A bill just introduced in Congress proposes that Dept. of Veterans Affairs physicians be allowed to practice across state lines when treating patients through telemedicine. While I believe telemedicine can facilitate many great services to patients seeking care from hard-to-find specialists, the bill does shine a spotlight on many unanswered data privacy and security questions.
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For instance, what happens if there's a data breach and doctors and patients are in different states? If one of those states has privacy laws (such as breach notification) that are stricter than federal HIPAA rules, which laws trump?
Physicians who begin serving patients in other states will need to be sensitive to privacy and security restrictions that other states may impose.
I've spoken to several experts about this issue, and the potential legal and security issues are fascinating.
In the case of the House proposal for VA patients and docs, it's likely that federal HIPAA rules would prevail, since the VA is a federal agency, says Timothy Rider, a legislative assistant to Rep. Charles Rangel (D-NY) who introduced the Veterans E-Health & Telemedicine Support Act of 2012 (H.R. 6107) with Glen Thompson (R-PA) and 11 other bipartisan co-sponsors.
However, this bill aside, there's also been a push underway for some time among organizations promoting the use of telehealth, including the American Telemedicine Association, to loosen up state laws that currently prevent healthcare providers in the private sector from treating patients across state lines via telemedicine.
For instance, there have been industry and legal discussions about changing state laws governing the practice of medicine so that doctors can provide care via telemedicine technologies to patients in other states, especially where some specialists, like dermatologists or radiologists, are in short supply, says Jonathan Linkous, CEO of the American Telemedicine Association.
In fact, one of the key drivers for the proposed telemedicine bill is to make it easier for veterans suffering post-war mental trauma and stress disorders to connect from their homes with VA mental health professionals, says Rider.
Currently, doctors who provide telecare for patients across state lines need to have medical licenses in the states where the patients are located. Linkous says that approximately 20-25 percent of U.S. doctors have licenses in more than one state, costing U.S. healthcare providers about $300 million annually for those credentials. National medical licensing of physicians is among the ideas floated to address those issues, he says.
Still, whether state medical licensing issues get resolved anytime soon, legal experts eventually will be forced to tackle questions about applicable data privacy and security laws. Whether it's a data breach involving telemedicine, or even a breach related to the sharing of patient data across state lines via a multi-state health information exchange organization, privacy and security legal debates are unavoidable.
"Physicians who begin serving patients in other states will need to be sensitive to privacy and security restrictions that other states may impose," says Adam Greene, formerly of the Department of Health and Human Services' Office of Civil Rights, and now a partner at law firm Davis, Wright Tremaine.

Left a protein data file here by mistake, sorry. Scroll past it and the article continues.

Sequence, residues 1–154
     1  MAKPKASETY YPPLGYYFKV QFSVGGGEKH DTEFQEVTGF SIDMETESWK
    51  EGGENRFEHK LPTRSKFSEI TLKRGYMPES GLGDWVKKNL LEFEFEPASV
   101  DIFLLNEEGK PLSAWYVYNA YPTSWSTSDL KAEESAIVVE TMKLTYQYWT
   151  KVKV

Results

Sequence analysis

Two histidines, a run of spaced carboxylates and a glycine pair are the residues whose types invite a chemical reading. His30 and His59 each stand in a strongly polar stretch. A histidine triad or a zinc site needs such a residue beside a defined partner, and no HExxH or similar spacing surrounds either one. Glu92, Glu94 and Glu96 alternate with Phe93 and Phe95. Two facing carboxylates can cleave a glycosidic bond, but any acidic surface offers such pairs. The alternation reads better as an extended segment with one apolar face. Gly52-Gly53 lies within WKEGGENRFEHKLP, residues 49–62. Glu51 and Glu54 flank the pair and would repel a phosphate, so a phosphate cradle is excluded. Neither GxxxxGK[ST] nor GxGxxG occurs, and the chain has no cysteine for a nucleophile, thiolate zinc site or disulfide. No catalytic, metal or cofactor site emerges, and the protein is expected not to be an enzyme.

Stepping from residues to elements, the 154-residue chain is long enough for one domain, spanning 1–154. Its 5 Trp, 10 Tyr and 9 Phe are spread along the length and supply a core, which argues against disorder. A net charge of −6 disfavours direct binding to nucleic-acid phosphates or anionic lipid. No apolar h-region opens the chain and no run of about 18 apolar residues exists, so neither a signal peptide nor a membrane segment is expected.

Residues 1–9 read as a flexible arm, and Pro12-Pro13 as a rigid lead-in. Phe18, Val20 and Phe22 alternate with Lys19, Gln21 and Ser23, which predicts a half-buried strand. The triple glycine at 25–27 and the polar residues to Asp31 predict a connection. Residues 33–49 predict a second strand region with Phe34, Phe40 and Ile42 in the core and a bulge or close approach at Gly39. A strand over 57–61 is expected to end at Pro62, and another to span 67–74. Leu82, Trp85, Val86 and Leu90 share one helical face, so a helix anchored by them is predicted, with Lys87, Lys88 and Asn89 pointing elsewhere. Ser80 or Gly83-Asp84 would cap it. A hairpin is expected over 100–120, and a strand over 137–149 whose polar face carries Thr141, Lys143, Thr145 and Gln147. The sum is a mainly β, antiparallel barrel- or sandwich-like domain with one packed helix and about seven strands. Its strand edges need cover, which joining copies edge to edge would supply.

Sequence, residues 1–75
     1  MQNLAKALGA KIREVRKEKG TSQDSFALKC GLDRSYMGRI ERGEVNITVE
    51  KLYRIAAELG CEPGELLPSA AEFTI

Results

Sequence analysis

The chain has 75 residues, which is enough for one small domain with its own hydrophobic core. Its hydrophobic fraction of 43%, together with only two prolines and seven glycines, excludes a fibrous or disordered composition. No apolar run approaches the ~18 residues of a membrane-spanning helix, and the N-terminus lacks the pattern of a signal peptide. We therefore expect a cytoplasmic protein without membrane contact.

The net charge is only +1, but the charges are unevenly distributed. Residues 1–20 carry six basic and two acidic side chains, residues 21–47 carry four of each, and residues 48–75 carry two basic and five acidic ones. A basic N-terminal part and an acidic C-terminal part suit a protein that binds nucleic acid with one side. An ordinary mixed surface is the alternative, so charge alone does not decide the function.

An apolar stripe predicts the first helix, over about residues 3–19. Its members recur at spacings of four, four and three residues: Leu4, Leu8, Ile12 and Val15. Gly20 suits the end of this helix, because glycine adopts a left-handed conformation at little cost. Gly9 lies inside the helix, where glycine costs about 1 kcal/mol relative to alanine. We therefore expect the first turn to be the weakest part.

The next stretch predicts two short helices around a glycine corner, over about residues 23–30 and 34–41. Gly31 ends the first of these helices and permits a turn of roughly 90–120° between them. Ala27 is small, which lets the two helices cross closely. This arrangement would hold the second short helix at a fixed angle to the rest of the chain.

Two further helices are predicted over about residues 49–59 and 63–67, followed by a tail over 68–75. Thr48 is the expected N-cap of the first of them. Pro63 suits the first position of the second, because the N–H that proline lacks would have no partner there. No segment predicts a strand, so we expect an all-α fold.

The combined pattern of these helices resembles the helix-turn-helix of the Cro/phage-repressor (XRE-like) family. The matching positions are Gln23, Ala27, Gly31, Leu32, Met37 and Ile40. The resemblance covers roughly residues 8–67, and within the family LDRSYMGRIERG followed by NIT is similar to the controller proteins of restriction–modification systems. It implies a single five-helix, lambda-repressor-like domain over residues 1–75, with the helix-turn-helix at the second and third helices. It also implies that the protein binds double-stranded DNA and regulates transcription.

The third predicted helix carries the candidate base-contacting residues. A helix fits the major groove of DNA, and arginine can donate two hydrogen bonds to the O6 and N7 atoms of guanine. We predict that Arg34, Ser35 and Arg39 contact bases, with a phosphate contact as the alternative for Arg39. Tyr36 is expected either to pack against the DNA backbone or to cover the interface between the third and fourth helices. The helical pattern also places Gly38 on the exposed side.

For instance, in Massachusetts, laws require that any person who owns or licenses personal information on a resident of the state - regardless of where the owner/licensor is based - must comply with a laundry list of data security requirements, including encryption of transmitted data. While that's not a federal HIPAA requirement, out-of-state-based healthcare providers involved with patients in Massachusetts better be aware of the state's stipulation.
As for telemedicine, those technologies - including remote patient monitoring, web-conferencing, and digital medical imaging - aren't any more susceptible to hacking and intrusions than other forms of health IT, Linkous says.
Perhaps so. But even a telemedicine doc could potentially lose an unencrypted mobile device containing protected health information of telemedicine patients.
"In general, before providing telemedicine services in a state, it may be worth reviewing whether that state's privacy and security laws, for example release of medical information laws, are limited to healthcare professionals licensed in that state, or are broader in scope," suggests Greene.
If medical licensing laws get expanded to allow doctors to treat patients across state lines via telemedicine, state privacy laws and HIPAA regulations will eventually get tested. Regulators, privacy advocates and lawyers should be prepared, and telemedicine doctors and patients must also be aware of the potential privacy risks.
It's too soon, of course, to tell if the VA telemedicine bill will ever get signed into law, but I suspect the topic of cross-state telemedicine will remain a hot issue - especially as e-health services such as remote monitoring of the chronically ill and e-consultations with medical specialists grow in popularity and technologies improve. Questions about patient privacy and data security requirements need to be thought through before - not after - states contemplate making changes to their medical licensing laws.